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13 September 2023

A systematic review of the reasons behind self-binding directives

New research from the Institute of Psychiatry, Psychology & Neuroscience (IoPPN) at King’s College London and Ruhr-Universität Bochum has explored the pros and cons of the use of Self-Binding Directives in psychiatric care.

Stethoscope on a notebook

Self-Binding Directives are a form of Advance Decision-Making document that include a clause enabling mental health service users to provide advance requests for involuntary hospital admission and treatment in the event that they become unwell in the future. Advocates for their use suggest that they give service users more say over the type of care they receive while well enough to do so, while others suggest that their use is controversial as it provides a clinician the ability to override a person’s present expressed wishes around treatment refusal on the grounds that they do not have the proper capacity to make that call.

Researchers in this study, published in Lancet Psychiatry, examined 50 eligible papers that had explored the use of Self-Binding Directives.

They found that more than three quarters (76%) of the papers examined argued for their use on the basis that they helped to promote service user autonomy by giving priority to the decisions made by a service user while they are well, while 48% of the articles suggested that Self-Binding Directives can promote wellbeing and reduce harm by personalising crisis care.

“Of the papers that we researched, service user empowerment was the most commonly used argument for their use, but the arguments were much more wide ranging. Many also focused on the topic of coercion, either saying the Directives made it easier to justify and thereby making coerced treatment less ethically problematic, or lessened the impact of coercion altogether by providing clinicians with alternatives.”

Dr Lucy Stephenson, a Clinical research associate at King’s IoPPN and the study’s lead author

Dr Lucy Stephenson, a Clinical research associate at King’s IoPPN and the study’s lead author said, “Experiencing a mental health crisis can be a terrifying experience, and service users may experience inpatient admission and treatment against their will. Self-Binding Directives are designed to make the process more egalitarian, by placing power back into the hands of the service user to have more say over when and how involuntary treatment is used. They might, for example expressly state that they would like to be admitted at an earlier stage to prevent harms during an episode of illness escalating. The point of a Self-Binding Directives is that they can make this kind of request while anticipating that at the time the admission is required they are likely to refuse it.’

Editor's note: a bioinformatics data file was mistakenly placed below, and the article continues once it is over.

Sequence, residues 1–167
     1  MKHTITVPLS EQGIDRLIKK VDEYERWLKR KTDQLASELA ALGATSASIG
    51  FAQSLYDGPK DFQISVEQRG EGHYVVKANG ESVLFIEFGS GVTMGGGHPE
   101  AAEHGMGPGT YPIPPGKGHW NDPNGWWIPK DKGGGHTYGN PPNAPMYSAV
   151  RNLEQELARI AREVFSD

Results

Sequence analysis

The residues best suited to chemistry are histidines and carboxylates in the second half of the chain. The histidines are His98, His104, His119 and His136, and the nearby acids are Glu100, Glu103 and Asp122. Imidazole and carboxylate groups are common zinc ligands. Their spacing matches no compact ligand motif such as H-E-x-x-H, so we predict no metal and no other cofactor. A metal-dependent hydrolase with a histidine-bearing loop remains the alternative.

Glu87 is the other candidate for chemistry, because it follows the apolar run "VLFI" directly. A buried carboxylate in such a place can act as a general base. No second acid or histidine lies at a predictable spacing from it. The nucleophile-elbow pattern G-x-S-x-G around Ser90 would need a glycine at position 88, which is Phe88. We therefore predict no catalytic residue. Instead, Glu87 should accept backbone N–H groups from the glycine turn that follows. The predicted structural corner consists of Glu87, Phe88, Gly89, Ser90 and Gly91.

While the papers reviewed largely provided supportive arguments for the use of Self-Binding Directives, researchers did find evidence of concerns. The most commonly cited of these (52% of papers) suggest that, rather than promote autonomy, they actually do the opposite. Some papers argue that service users are exposed to poor/unnecessary treatment due to a poorly implemented Directives, while others suggest that certain service users might feel under pressure to commit to involuntary treatment because of pressure from others or internalised stigma.

Outside of this, researchers also highlighted that many papers (42%) suggest that actually creating and implementing a Self-Binding Directives is difficult due to the complexity of the process, and is therefore unmanageable. A further commonly held concern was issues around the assessment of mental capacity, with critics suggesting that there is no guarantee that someone is well when writing the Directive, or that they may be wrongly judged as not having capacity when in hospital.

Dr Matthé Scholten, the study’s senior author from Ruhr University Bochum said, “while this literature review indicates that the implementation of self-binding directives will likely not only have benefits but also carry risks, our further research with stakeholders suggests that these risks can be addressed by implementing suitable safeguards and support mechanisms. Professionals could, for example, develop templates and information material, provide support during the drafting process, involve family members or other persons of trust in the process, and develop a technical infrastructure to ensure that the self-binding directive is stored securely and accessible in a crisis.”

Researchers suggest that future pilot implementation projects that operationalise the clarified definition of capacity-sensitive Self-Binding Directives with safeguards around informed consent, capacity assessment, support for drafting, and independent review are required.


Self-binding directives in psychiatric practice: a systematic review of reasons (DOI10.1016/S2215-0366) (Lucy Stephenson, Astrid Gieselmann, Tania Gergel, Gareth Owen, Jakov Gather, Matthé Scholten) was published in Lancet Psychiatry.


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In this story

Gareth  Owen

Professor of Psychological Medicine, Ethics and Law

Lucy Stephenson

Clinical research associate